Art has an extraordinary power to inspire us and of course, religious themes have been an extraordinary inspiration for artists down the centuries.
In Tate Britain there is a remarkable collection of pictures with a religious theme. Two very different, I like particularly. They are very different. J. F. Millais’ “Christ In The Home Of His Parents” is drawn meticulously. Every detail perfect down to the drop of blood on the wounded child’s hand falling on the foot to portend future trials. For me the very detail of this picture is analogous to those who view religion through what they see as the certainties of scripture.
But many people turn away from this approach.
Faith can or should just as easily be represented by JMW Turner’s “Christ and The Woman of Samaria”. Here everything is in a whirl, indistinctly drawn with atmospheric clouds signifying our own doubts. But the message is no less powerful.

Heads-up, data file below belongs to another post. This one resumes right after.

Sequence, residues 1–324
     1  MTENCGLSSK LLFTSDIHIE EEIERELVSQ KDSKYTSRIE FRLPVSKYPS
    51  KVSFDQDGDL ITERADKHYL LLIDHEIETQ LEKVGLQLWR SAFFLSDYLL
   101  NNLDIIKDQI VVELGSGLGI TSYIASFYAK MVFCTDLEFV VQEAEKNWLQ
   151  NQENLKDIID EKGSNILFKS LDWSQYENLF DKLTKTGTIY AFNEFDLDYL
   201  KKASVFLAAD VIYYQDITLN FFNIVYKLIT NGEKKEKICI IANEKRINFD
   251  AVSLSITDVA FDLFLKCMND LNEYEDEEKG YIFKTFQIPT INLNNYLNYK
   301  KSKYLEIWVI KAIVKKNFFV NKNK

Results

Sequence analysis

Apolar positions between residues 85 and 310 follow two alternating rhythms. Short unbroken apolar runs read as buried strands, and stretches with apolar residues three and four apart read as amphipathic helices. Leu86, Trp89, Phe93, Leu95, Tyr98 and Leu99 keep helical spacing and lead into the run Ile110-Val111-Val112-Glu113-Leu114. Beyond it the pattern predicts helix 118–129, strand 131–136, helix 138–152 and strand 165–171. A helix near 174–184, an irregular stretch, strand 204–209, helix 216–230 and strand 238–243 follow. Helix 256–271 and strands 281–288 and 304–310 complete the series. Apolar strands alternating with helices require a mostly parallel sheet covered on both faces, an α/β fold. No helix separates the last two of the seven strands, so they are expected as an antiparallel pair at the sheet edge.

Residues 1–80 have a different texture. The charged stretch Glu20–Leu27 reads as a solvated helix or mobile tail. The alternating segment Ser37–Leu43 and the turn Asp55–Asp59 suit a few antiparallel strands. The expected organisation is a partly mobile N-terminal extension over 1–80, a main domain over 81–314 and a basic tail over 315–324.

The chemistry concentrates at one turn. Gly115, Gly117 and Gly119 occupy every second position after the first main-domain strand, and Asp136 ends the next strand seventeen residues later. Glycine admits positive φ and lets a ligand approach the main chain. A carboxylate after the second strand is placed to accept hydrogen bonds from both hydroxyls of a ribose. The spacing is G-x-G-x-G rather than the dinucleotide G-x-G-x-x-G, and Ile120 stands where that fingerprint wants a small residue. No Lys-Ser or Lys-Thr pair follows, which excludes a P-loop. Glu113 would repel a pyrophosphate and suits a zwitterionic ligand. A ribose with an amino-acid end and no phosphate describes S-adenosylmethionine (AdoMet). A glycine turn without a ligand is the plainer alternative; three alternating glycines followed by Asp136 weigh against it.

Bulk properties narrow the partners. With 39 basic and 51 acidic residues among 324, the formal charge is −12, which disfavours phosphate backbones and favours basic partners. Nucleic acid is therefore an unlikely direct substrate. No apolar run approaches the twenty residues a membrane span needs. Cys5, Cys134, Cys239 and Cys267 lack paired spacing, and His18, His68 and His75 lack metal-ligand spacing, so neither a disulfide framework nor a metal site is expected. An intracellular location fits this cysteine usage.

We can not see every detail. We have to assume it.
Just as we have to assume a lot about the Angel Gabriel. But just because something cannot be proved and has to be assumed does not necessarily mean it is wrong.
Mary and I also went to a preview show in the Rosetti Studios, by Susie Bacon, of her bronze statues. I found this lovely text from Ovid about Philemon and Baucis accompanying her statues of the pair.
We ask to be your priests and guard your shrine
And since in concord we have spent our years
Grant that the selfsame hour may take us both
That I my consorts tomb may never see
Nor may it fall to her to bury me.
I don’t think I have ever read anything so moving!